Around the Office: Japan’s Colours, Web Activity Maps, Hiring Immigrants, more

If you’re interested in Internet traffic, Wayne wants you to check out some very cool visualization tools from Akamai that show how the Internet is doing at any given moment. Akamai is one of the largest content delivery networks — basically they help speed up the serving of online content — and this position give them a lot of insight into the day-to-day health and use of the Internet. Wayne especially likes that it breaks down the net usage by traffic type into categories like retail, news, and financial services.

Another company that knows a lot about the Web, Google, has also opened up its data on traffic to its services, helping show where the free flow of information has been disrupted — whether by a government blocking information or a severed cable.

Eva found, a website that shows the colours traditionally used in Japanese literature, textiles, and other Japanese arts and crafts. Created by Tokyo-based Web designer Ono Takehiko and drawing upon the book Traditional Japanese Color Palette, shows 250 of the Nippon Colours of Japan’s ancient, hierarchical color system in a modern way. The site makes picking colours for use in print and Web design easier, but it also provides the colour values that can be used in Photoshop, and hexadecimal codes for Web design, making it even more valuable.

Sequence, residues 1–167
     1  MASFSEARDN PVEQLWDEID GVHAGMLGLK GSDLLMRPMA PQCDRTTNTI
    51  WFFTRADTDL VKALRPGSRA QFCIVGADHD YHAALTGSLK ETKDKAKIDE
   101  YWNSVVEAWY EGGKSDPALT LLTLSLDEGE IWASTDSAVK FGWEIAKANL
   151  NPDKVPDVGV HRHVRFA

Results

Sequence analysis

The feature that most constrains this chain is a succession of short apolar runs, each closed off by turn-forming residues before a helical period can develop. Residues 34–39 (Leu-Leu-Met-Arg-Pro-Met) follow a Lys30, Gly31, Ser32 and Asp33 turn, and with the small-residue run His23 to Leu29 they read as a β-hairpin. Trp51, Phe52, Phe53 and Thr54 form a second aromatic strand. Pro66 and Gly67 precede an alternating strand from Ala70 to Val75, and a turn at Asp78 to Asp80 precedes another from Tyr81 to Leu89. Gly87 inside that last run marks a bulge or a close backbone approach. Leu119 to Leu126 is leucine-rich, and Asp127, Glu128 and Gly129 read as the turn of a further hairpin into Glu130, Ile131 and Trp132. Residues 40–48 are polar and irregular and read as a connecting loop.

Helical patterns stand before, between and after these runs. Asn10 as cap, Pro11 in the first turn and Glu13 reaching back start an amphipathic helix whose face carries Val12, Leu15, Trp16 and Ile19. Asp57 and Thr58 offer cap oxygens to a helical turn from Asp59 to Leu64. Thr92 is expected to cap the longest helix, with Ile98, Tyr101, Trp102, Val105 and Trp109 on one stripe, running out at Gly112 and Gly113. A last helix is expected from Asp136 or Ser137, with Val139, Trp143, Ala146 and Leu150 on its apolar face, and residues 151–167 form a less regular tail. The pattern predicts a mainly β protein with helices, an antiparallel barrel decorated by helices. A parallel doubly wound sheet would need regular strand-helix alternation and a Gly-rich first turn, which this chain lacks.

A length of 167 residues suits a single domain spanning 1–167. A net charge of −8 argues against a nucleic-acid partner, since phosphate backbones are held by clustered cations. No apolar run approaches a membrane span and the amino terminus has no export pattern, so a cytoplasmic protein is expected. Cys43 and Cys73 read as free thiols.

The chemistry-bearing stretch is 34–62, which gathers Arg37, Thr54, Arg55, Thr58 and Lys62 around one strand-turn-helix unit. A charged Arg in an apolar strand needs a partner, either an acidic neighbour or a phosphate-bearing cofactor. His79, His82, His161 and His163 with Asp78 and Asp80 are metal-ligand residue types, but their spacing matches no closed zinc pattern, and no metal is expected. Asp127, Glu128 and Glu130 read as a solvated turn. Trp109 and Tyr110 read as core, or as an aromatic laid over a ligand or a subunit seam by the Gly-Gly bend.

Earlier this week, Brent was at the Top Employer Summit to help demonstrate, an online resource for helping Canadian employers hire immigrants. is an initiative of ALLIES, a non-profit that supports local, Canadian efforts to adapt and implement programs that further the suitable employment of skilled immigrants. was recently redesigned by Kobayashi Online with users in mind. The site easily guides employers step-by-step through the various stages of hiring immigrants: from simply getting started; to furthering efforts to recruit, integrate and retain skilled immigrants; and finally to becoming a model for other organizations.

Finally, Scott and Daveed both participated in “Wear Your Old Band T-Shirt To Work Day”, representing the bands The Hyena Dog Robbery and No Means No respectively. By wearing their old band shirts on December 2, 2011,  they joined countless music fans celebrating the importance of the good old fashioned band T-shirt. The idea for this day was conceived by Steve Lamacq on his BBC 6Music program, and is now in its sixth year.